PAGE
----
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Chemistry Holiday Hoopla!

Jen Black
Chemistry Product Manager

November/December 2015

Looking for ways to keep your students’ attention focused on chemistry class and not on the upcoming winter break? Delight your students with these holiday chemical demonstrations!


Conduct these activities in accordance with established laboratory safety practices, including appropriate personal protective equipment (PPE) such as gloves, chemical splash goggles, and lab coats or aprons. Ensure that students understand and adhere to these practices. Know and follow all federal, state, and local regulations as well as school district guidelines for the disposal of laboratory wastes. Students should not eat, drink, or chew gum in the lab and should wash their hands before and after entering or leaving the lab.

Silvered Ornaments

Silver can be plated onto the interior surface of a glass vial via a redox reaction. Dextrose is oxidized to gluconic acid, and silver ions are reduced to metallic silver. This demo can be used in the classroom during discussions of redox reactions, Lewis acids and bases, organic structures, complexes, and stoichiometry.


Keep acetone away from heat, sparks, and flame. Keep ammonium nitrate away from clothing and other combustible materials. Sodium hydroxide causes skin and eye burns; avoid contact with skin, eyes, and clothing. The waste products from this activity can form explosive silver compounds. After the demonstration, mix the silver waste produced in this activity in a saturated sodium chloride solution to produce stable silver chloride. The mirrored silver vial made in this activity is for decorative purposes only and should not be used for food or drink.


  • Acetone
  • 0.5 M Silver Nitrate
  • 1.5 M Ammonium Nitrate (prepare fresh for each demo)
  • Dextrose
  • 3 M Sodium Hydroxide
  • Sodium Chloride
  • Disposable Pipets
  • Glass Vials, 2 dram
  • Beaker, 600 mL
  • Glass Stir Rod
  • Deionized Water
  • Tap Water


  1. Put on safety glasses and gloves.
  2. Combine about 100 mL of tap water and 40 g of sodium chloride in a 600-mL beaker. Stir to dissolve most of the salt. This beaker of saltwater serves as the waste container for all silver-containing waste.
  3. Prepare a 5% dextrose solution by adding 30 mL of deionized water to 1.5 g of dextrose. Prepare the ammonium nitrate.
  4. Using a pipet, transfer about 2 mL of acetone to the vial, and secure the lid. Shake the vial to distribute the acetone and cover the interior of the vial. Remove the lid, empty the vial into a waste container, and allow the lid and vial to air dry.
  5. Using a pipet, transfer 2.0 mL of silver nitrate to the vial.
  6. Using a pipet, transfer 2.0 mL of ammonium nitrate to the vial.
  7. Using a pipet, transfer 2.0 mL of dextrose solution to the vial.
  8. Using a pipet, transfer 2.0 mL of sodium hydroxide to the vial.
  9. Put the lid on the vial, and swirl the vial for about 2 minutes to distribute the solution over the entire interior surface of the vial. You should begin to see a silver coating form on the inside of the vial.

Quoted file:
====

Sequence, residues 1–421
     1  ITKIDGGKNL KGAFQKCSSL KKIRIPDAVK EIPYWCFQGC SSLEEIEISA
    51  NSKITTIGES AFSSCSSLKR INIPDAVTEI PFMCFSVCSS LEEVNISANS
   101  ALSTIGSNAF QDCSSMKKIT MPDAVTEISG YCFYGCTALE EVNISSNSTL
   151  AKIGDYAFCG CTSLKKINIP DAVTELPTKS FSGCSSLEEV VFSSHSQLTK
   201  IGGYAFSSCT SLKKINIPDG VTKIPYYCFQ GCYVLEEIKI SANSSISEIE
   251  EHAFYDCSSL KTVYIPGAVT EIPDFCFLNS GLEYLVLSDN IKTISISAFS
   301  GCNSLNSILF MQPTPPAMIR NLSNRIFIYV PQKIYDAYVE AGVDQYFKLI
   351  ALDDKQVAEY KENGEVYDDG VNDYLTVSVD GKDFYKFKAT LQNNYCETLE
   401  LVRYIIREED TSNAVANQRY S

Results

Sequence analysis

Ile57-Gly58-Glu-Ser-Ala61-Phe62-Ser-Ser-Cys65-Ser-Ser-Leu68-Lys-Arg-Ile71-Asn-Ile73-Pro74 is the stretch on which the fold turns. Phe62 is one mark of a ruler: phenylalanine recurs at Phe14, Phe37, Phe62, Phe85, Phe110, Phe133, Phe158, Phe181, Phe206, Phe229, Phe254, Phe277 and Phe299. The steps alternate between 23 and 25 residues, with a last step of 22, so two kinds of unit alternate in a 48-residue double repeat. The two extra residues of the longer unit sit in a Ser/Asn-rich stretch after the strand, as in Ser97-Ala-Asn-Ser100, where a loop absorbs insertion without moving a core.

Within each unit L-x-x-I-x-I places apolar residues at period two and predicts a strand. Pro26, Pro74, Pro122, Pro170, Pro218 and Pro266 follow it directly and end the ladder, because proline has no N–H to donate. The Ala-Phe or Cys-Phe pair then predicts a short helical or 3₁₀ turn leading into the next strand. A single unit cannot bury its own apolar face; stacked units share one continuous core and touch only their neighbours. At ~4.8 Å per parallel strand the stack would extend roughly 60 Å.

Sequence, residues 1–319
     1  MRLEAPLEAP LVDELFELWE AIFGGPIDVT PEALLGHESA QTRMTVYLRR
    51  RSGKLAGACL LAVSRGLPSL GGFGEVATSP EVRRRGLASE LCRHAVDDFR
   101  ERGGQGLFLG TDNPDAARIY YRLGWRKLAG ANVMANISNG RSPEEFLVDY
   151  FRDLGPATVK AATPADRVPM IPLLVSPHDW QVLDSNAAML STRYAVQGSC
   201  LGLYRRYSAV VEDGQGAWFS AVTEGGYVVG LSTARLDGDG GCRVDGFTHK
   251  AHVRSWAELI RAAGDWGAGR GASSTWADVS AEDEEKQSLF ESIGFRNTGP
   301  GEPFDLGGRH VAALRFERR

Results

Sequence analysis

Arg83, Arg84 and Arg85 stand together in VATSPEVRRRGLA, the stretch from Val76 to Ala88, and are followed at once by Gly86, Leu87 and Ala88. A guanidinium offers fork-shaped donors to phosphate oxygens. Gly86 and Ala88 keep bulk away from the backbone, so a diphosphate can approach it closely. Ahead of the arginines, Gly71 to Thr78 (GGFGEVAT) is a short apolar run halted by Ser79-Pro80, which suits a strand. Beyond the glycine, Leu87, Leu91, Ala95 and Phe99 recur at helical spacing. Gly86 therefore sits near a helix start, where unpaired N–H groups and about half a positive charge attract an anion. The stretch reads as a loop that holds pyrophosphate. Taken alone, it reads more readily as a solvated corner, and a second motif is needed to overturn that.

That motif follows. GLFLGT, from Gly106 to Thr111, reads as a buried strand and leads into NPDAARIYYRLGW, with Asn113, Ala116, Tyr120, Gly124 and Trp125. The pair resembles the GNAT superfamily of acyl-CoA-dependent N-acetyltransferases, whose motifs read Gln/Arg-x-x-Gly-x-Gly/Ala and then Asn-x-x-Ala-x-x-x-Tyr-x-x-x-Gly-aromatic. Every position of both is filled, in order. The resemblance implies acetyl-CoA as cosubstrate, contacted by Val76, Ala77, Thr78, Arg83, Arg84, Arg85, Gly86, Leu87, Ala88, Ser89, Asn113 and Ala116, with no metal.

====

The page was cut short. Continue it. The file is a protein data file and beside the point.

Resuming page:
10. After swirling for 2 minutes, remove the lid from the vial, and pour the vial’s contents into the waste beaker of saltwater. Important: To prevent formation of explosive silver compounds, it is important that the waste container contain a saturated sodium chloride solution. See step 4.
  11. Rinse the inside of the vial with tap water and pour the contents into the waste beaker. Allow the inside of the bottle to dry before sealing lid.
  12. The silver vials can easily be strung into holiday decorations using twine, wire, or string.

Holiday Traffic Light Reaction

This demonstration is a twist on the classic blue bottle reaction, and it can be used to review reaction rates. The indicator in this demonstration, indigo carmine, is yellow when fully reduced and green when fully oxidized. Indigo carmine also has an intermediate state between its reduced and oxidized states, during which it has a red color.


Use caution when swirling solutions with indigo carmine. This dye will stain skin and clothing. To prevent spills, place a solid rubber stopper in the flask and press downward with the palm of your hand while swirling the flask to add oxygen.


  • Erlenmeyer Flask, 500 mL
  • Sodium Hydroxide, 5.0 g
  • Glucose, 12.0 g
  • Deionized Water, 300 mL
  • Rubber Stopper
  • Indigo Carmine Indicator, 1%


  1. Place 5.0 g sodium hydroxide in the flask.
  2. Add 300 mL of deionized water and swirl until dissolved.
  3. Add 12.0 g glucose and swirl until dissolved.
  4. Add 25 drops of indigo carmine indicator and gently swirl to distribute evenly.
  5. Replace stopper and leave flask undisturbed. Solution will turn yellow.
  6. Swirl the stoppered flask gently; it should turn red.
  7. Swirl the stoppered flask vigorously; it should turn green.
  8. Stop swirling the flask and place it on a sheet of white paper to see the solution return to red/yellow.
  9. This demo may be repeated several times. Remove the stopper briefly if needed to introduce more oxygen into the flask.
  10. The amount of glucose can be varied in multiple flasks to demonstrate how concentration affects reaction rate.

Extension activities

Further explore fun chemistry activities with these kits.

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